Archive for the ‘General Discussion’ Category

I wish this was my library

Several who have read my blog contact me concerning reference materials and textbooks that I would recommend.  I must admit that I am a biblio-maniac.  I am unable to go into a book store especially a used  bookstore and walk out empty handed.  Even in this day and age of iPads I still love the visceral aspects of the printed form.  Call me a luddite. That said I do have have somewhat of an interesting per-view on the world of books.

For the software world the people that are doing the creating are not writing books per se.  Thus if your reading books your not necessarily creating anything novel.  Let me be more specific.  Many use books to find an answer.  Many use books as a catalyst or reference.  I fall into the latter.  There are no “give me a shipping product” books – no “what is the answer?”  – for some of the stuff that we create.  Yes there are several ‘cookbooks’ and recipes for say learning a language or a new framework but there are no books that will provide answers to production level novel solutions.  As a very succinct example I was having a discussion in NYC with a very respected Executive Engineering Director and we both decided that there were no books that dealt specifically with hiring great talent in the tech world.  Why?  Because most are not going to tell you exactly what it really takes to hire great people and to build great teams.  That said few are going to explain how they came up with great coding feats – they will explain it after the fact for reference see Coders At Work.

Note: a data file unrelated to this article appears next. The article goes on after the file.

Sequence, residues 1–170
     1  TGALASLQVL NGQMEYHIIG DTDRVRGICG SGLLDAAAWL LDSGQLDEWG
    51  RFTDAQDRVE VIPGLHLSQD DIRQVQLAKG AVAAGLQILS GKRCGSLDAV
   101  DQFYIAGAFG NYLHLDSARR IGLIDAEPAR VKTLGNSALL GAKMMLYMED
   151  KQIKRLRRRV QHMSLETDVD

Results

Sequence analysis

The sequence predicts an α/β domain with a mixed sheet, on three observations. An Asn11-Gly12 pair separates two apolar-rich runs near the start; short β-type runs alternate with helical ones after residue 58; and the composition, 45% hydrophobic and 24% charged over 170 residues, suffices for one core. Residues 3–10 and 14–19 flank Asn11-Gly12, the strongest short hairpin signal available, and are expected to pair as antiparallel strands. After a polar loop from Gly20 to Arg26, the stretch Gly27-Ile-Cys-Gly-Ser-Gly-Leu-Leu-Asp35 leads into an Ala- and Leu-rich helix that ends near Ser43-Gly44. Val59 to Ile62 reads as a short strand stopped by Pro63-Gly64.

So without further “waxin all philosphical‘”  here is a laundry list of books that I have found useful over the years.  I will try and categorize them according to subject matter.  Its by no means comprehensive.  I will also utilize this same list format in the future.   I would love to hear feedback or your thoughts – please share your list, if you are so inclined – after the fact.

Machine Learning, Data Mining and Knowledge Discovery

Scaling Up Machine Learning (Cambridge University Press)

This book is phenomenal and is at the very for front of issues we are all trying to solve in the areas of large scale learning systems. The book contains everything from parallelization of Support Vector Machines to details of how one designs hardware architectures for the next round of highly scalable machine learning algorithms.  Note this is not an introductory text.  Also the book takes a very interesting view in that it is written mainly by the best in the field.

Machine Learning,McGraw Publishing

This is a seminal text in the areas of Machine Learning.  There is  enough verbiage if your not a mathematician and enough algorithmic pseudo code to follow the development of the explanations.  I find myself going back to this book over and over.  Covers most everything from Bayes to Boosting.  It also has updated chapters on his web page.  I also like this writing style.

Business Modeling and Data Mining  (The Morgan Kaufmann Series in Data Management Systems)

Some purest might not like this book but I think it is a great read because it discusses why we actually need to consider a paying customer.  The book goes deep enough in the explanations and marries them to great scenarios for business models.  It also discusses in a ‘mind map manner’ how to design systems and algorithms.  The text also has a great bibliography.